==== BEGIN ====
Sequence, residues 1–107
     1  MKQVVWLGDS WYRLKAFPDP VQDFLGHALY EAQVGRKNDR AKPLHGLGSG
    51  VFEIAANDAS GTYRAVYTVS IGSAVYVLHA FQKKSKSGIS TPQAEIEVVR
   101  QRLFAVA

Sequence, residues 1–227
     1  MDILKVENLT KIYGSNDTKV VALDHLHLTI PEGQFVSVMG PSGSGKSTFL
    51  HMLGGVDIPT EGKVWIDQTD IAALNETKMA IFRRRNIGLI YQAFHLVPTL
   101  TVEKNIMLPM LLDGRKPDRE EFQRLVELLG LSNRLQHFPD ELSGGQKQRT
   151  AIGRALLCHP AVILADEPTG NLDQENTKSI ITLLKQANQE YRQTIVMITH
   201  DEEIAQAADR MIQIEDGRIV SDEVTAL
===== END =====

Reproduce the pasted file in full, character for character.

Sequence, residues 1–107
     1  MKQVVWLGDS WYRLKAFPDP VQDFLGHALY EAQVGRKNDR AKPLHGLGSG
    51  VFEIAANDAS GTYRAVYTVS IGSAVYVLHA FQKKSKSGIS TPQAEIEVVR
   101  QRLFAVA

Sequence, residues 1–227
     1  MDILKVENLT KIYGSNDTKV VALDHLHLTI PEGQFVSVMG PSGSGKSTFL
    51  HMLGGVDIPT EGKVWIDQTD IAALNETKMA IFRRRNIGLI YQAFHLVPTL
   101  TVEKNIMLPM LLDGRKPDRE EFQRLVELLG LSNRLQHFPD ELSGGQKQRT
   151  AIGRALLCHP AVILADEPTG NLDQENTKSI ITLLKQANQE YRQTIVMITH
   201  DEEIAQAADR MIQIEDGRIV SDEVTAL